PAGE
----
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Treatment and Therapies

Experienced in the most complex pancreatic cancer and pancreatic disease treatments

At Northwest Community Hospital, we have the medical expertise and technology necessary to tackle even the most difficult pancreatic cancer, pancreatitis, and liver and bile duct cancer cases. In fact, we provide pancreatic cancer patients with the best treatment in Chicago.

Treatment for pancreatitis

Treatment for acute pancreatitis requires a few days’ stay in the hospital for intravenous (IV) fluids, antibiotics and medication to relieve pain. To allow the pancreas to rest, the patient is not allowed to eat or drink. Unless complications arise, acute pancreatitis usually resolves in a few days. In severe cases, the patient may require feeding via a tube for several weeks while the pancreas heals.

Treatment for pancreatic cancer

We are proud to offer pancreatic cancer patients the best treatment in Chicago. Surgery is the only way to remove pancreatic tumors. It is performed only when the surgeon believes all of the cancer can be removed, which generally applies only to early stages of the cancer. An ultrasound of the liver or exploratory surgery generally is performed to determine the stage of your cancer or to look for signs of metastatic disease. If the cancer is in a later stage, surgery is performed only to relieve symptoms such as pain and obstructions.

The type of surgery recommended depends upon where your tumor is located in the pancreas. Tumors located in the head and neck area of the pancreas are removed with the Whipple procedure; those in the body and tail of the pancreas are removed with distal pancreatectomy. Occasionally a total pancreatectomy is required, though it is used less commonly.

Surgical procedures

  • Whipple procedure or pancreaticoduodenectomy is the most common operation performed for pancreatic cancer symptoms because it both increases survival rates and offers a real chance at a cure, making it the best treatment in Chicago. It is also used in the treatment of other types of cancer, including small bowel cancer. Surgeons remove the head of the pancreas, parts of the stomach and small intestine, some lymph nodes, the gallbladder and the common bile duct. The remaining organs are reconnected in a new way to allow for digestion. Patients leave the hospital in an average of 14 days.
  • Total pancreatectomy is performed infrequently because lifelong adverse effects may result. In this surgery, surgeons remove the entire pancreas, bile duct, gallbladder and spleen, and possibly portions of the small intestine, stomach and nearby lymph nodes.
  • Distal pancreatectomy is performed to remove tumors of the body and tail of the pancreas. The tail of the pancreas can be removed with the main portion of the organ left intact. This surgery is commonly performed for patients with chronic pancreatitis, pancreatic tumors localized in the end of the pancreas, pancreatic pseudocysts or injury due to trauma. The spleen is usually removed during this surgery because of the close proximity of the organs. This procedure eliminates the need for surgical reconstruction.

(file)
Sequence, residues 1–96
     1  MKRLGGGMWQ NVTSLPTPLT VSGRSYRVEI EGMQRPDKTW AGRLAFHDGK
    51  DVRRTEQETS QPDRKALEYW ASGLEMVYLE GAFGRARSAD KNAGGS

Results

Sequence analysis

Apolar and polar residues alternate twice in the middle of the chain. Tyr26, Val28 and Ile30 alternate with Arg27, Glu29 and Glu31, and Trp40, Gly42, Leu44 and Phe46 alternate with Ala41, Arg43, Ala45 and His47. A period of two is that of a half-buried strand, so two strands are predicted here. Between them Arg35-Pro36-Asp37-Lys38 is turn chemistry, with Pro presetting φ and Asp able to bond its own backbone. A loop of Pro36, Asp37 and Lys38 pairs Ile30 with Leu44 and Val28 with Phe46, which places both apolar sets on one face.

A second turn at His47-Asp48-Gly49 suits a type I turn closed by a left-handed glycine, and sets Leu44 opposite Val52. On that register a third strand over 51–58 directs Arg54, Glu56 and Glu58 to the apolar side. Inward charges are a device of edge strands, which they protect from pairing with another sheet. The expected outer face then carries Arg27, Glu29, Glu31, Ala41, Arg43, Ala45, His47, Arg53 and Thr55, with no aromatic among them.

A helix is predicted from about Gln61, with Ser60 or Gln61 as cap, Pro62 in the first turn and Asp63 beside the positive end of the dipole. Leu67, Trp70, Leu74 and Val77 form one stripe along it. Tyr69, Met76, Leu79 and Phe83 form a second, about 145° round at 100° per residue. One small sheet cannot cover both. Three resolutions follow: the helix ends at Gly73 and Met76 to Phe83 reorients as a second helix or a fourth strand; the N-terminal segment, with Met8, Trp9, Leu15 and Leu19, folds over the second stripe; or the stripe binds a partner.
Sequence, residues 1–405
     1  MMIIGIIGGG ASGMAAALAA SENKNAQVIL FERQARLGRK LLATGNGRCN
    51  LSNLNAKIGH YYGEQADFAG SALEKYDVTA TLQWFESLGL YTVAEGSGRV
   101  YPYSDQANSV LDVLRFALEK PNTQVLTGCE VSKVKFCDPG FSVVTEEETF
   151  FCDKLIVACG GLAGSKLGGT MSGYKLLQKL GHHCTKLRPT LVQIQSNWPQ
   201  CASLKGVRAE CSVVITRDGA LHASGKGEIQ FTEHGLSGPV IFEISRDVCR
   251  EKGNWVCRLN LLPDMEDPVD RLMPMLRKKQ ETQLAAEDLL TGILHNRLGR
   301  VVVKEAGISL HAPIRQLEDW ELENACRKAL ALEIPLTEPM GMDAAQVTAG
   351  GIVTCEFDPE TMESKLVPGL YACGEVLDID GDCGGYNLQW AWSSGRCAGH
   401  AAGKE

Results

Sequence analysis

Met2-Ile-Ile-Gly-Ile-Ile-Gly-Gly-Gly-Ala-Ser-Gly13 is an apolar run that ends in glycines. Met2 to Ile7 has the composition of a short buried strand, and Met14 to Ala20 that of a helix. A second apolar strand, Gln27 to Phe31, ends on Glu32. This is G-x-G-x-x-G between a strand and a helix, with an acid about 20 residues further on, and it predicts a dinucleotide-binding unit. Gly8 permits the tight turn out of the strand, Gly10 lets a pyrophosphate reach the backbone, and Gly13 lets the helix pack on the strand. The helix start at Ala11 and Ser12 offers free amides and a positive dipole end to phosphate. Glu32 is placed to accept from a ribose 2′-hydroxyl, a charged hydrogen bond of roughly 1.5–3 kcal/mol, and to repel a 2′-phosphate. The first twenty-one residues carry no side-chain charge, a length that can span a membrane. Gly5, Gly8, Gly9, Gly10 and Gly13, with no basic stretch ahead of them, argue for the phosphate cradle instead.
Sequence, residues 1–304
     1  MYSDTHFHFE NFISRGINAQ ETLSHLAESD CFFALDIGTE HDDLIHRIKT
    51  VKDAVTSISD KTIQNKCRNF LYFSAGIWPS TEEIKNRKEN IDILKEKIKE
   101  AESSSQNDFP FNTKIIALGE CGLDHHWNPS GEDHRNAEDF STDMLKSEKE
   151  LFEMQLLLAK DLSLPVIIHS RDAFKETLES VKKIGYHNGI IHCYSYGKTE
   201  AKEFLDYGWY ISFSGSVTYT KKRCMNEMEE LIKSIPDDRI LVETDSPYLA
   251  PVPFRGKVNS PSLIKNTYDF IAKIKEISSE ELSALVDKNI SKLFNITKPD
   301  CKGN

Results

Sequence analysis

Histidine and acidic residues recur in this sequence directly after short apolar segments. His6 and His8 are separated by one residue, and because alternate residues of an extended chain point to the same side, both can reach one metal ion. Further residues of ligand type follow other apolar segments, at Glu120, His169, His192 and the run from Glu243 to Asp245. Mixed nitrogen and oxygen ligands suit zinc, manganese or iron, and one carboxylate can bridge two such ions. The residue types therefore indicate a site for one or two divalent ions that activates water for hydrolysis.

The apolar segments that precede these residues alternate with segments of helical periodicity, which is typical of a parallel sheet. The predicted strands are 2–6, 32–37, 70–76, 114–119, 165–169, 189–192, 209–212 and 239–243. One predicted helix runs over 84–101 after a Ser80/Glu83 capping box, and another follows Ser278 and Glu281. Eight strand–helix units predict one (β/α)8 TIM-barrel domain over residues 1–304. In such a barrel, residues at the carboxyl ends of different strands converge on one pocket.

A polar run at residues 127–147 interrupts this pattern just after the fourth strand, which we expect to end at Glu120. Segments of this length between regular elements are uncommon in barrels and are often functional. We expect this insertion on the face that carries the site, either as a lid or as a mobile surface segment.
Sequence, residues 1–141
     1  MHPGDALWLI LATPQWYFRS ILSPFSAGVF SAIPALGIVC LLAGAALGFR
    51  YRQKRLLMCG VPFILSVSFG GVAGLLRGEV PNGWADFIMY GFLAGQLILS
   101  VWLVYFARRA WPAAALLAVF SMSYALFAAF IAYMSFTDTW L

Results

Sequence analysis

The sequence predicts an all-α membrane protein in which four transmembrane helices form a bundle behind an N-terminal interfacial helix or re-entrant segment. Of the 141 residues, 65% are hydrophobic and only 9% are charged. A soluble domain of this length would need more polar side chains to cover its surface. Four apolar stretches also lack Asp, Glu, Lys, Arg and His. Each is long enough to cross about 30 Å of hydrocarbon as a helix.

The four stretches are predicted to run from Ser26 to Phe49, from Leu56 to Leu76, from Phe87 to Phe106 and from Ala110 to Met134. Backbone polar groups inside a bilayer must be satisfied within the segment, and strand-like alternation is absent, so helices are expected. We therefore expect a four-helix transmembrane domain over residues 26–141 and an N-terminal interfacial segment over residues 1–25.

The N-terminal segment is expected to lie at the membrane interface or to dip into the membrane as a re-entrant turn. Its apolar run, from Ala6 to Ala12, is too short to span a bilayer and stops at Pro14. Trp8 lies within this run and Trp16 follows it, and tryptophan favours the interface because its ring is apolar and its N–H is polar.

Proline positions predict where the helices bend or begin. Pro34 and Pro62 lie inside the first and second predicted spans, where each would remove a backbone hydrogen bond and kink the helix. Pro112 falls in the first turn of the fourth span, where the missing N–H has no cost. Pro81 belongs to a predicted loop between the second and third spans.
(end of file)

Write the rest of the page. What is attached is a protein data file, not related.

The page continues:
Other pancreatic cancer treatment options

Depending on the stage of the cancer and whether it has spread, non-surgical treatments may be recommended instead of surgery or in addition to it. At NCH, we're committed to doing whatever it takes to provide pancreatic cancer patients with the best treatment in Chicago.

  • Radiation therapy is recommended for patients who have localized pancreatic cancers that cannot be removed. It may also be recommended either following surgery or before. High-dose radiation is directed toward the pancreas to destroy cancer cells and reduce a tumor's size. NCH radiation oncologists use bi-plane angiography to provide 3-D imaging that delivers radiation to the area of the pancreas cancer and lymph node sites at risk, while protecting important organs such as the kidneys, spinal cord and liver. Sometimes radiation therapy may be delivered with electrons during surgery in a process called intraoperative radiation therapy (IORT). This may be an option for patients whose cancer appears to be borderline resectable or unresectable based on images of the tumor.
  • Chemotherapy is usually recommended if the cancer has spread to other parts of the body. It is sometimes combined with radiation therapy to enhance the local effects of radiation. Additional cycles of chemotherapy may be given after the combined chemoradiation, in an attempt to prevent the cancer from spreading elsewhere in the body.
  • Celiac Plexus Neurolysis (CPN) is an effective pain management procedure for pancreatic cancer patients.
  • Palliative surgery is performed if the pancreas cancer has spread and removing the tumor is not an option. Other surgical procedures may be used to relieve symptoms such as jaundice, nausea, vomiting and pain.

Clinical Trials

To make sure that you have access to the latest and most advanced medical treatments for pancreatic cancer and pancreatitis, we also participate in national research programs and clinical trials.

If you or someone you love has pancreatic cancer, find out how you can get the best treatment in Chicago. Call HealthConnection for a referral to a doctor specializing in pancreatic or hepatobiliary diseases at 847.618.4968 (4YOU).

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Last Updated 2013/06/28